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QUEEN'S COLLEGE, BIRMINGHAM.

499

University of London in this respect, the Council of The High Sheriff of the Coanty of Warwick. Queen's College feel that they cannut do otherwise The Dean of the Cathedral of Worcester. than recognize in the projected regulations an improve. The Archdeacon of the Archdeaconry of Coventry. mept upon that state and practice. At the same time, The Mayor of the Borough of Birmingham. while the Council feel unable to gire an opinion, The High Bailiff of the Manor of Birmingham. whether there may not be circumstances attending the The Rector of Saint Martin, Birmingham. position and constitution of the University, which The Rector of Saint Phillip, Birmingham, repders any further movement in the direction of the have been appointed by the Crown, for the time being proposed change impossible, they feel bound, in respectively, by virtue of their respective offices, memaccordance with the constitution of their own College, bers of the Council. To give encouragement to such to state they can only look on the regulations as as manifest diligence and acquirement in their representing an imperfect approximation to what they spective studies, the Council have received under the consider essential to a course of regular and liberal charter the power to elect such as hold a diploma in education.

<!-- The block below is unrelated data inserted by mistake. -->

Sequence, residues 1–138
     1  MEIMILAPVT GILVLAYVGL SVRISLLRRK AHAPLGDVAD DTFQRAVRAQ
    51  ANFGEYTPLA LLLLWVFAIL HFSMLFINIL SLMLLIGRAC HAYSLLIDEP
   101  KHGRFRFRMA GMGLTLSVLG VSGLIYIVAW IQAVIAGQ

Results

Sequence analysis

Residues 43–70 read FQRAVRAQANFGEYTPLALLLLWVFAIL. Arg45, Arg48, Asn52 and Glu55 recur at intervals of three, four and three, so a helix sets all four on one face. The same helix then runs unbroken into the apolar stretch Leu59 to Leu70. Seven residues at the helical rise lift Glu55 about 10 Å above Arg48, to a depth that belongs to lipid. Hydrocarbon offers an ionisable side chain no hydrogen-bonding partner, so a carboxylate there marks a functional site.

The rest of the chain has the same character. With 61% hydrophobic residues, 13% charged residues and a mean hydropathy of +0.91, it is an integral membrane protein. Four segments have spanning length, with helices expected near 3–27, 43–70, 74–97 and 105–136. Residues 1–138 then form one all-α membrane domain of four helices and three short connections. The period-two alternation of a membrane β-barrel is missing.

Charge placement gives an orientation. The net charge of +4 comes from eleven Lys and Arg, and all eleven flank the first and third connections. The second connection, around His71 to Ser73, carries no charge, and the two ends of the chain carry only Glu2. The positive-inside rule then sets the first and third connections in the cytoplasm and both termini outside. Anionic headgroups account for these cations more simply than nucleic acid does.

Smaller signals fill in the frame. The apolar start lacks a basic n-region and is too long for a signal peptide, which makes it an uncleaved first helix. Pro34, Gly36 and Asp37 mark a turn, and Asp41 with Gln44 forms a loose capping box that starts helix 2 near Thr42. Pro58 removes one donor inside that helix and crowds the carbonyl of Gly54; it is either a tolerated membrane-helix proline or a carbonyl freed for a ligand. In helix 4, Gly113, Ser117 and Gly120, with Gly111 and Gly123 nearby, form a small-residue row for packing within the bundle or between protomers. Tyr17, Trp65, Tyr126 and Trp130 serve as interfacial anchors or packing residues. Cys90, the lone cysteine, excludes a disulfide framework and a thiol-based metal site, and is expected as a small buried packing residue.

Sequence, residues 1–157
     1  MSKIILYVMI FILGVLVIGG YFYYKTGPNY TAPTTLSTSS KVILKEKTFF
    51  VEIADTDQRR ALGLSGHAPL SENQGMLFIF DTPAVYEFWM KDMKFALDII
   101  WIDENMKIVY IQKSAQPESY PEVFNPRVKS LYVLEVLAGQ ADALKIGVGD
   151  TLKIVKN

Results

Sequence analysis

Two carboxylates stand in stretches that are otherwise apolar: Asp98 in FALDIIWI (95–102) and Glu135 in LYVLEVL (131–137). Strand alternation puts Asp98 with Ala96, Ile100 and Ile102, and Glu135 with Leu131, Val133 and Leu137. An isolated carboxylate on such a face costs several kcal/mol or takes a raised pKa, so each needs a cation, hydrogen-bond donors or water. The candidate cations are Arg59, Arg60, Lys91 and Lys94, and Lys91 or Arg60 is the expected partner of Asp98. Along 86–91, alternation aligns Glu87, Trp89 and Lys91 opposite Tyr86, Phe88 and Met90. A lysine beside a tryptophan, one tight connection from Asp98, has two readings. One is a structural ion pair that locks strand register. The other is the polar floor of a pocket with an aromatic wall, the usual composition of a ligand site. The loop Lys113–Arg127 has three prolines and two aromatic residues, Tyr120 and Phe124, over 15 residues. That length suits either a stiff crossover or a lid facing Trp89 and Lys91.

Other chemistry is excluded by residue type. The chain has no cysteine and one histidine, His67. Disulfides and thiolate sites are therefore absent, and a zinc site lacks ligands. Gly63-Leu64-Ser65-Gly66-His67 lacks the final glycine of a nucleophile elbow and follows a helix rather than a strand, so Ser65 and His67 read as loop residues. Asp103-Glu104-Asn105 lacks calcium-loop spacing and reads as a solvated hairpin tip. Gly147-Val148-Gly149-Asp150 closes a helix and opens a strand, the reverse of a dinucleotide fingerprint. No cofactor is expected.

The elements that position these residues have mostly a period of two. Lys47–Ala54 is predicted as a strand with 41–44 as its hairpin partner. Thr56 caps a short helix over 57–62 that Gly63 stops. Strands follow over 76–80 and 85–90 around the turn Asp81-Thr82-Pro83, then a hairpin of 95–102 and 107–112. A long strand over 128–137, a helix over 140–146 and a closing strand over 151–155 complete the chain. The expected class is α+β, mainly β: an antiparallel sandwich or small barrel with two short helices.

medicine or surgery, or are graduates in medicine, law, I have the honour to be, Sir,

or arts, or such members of the Birmingham Royal Your obedient servant,

School of Medicine and Surgery, to the honourable R. W. Rothman, Esq.,, * LYTTELTON.

distinction of " Fellows,” with such powers and privi. Registrar.

leges as may be determined upon from time to time, Your Council have since learnt that the proposed under the bye-laws, and in connection with this regulations were not submitted to the Senate of the privilege, the Council deem it especially incumbent on University.

them to call the attention of the wealthy friends of The next important subject to which your Council education to the fact that, by their Charters, they are have to direct your attention, is an especial 'mark enabled to accept on behalf of the said College, of Royal favour, conferred on the College in the gifts and endowments to a large amount, for promoting grant of a Supplemental Charter of Incorporation, particular objects of education-viz., by the foundation It had been suggested by your great benefactor and of Scholarships, Exhibitions, and Fellowships, and it is Visitor, and it appeared to your Council desirable, hoped that ere long, such may be established to assist that the Crown should be petitioned for additional the studies of the deserving student. powers, in order to gire permanency to your extended It ought to be gratefully recorded by your Council, system of education, which system, in respect of that the wbole of the heavy expenses attendant on instruction, in addition to all the departments of obtaining the supplemental charter, have been defrayed medicine and surgery before laught, now embraces a by the Rev. Dr. Warpeford, your Visitor, and Mr. wide range of literature, science, and art, together Chancellor Law, your Vice-Principal. with lectures on the doctrines and duties of Christianity In reference more particularly to the senior departaccording to the teaching of the Church of England. ment of the College, your Council reports that it has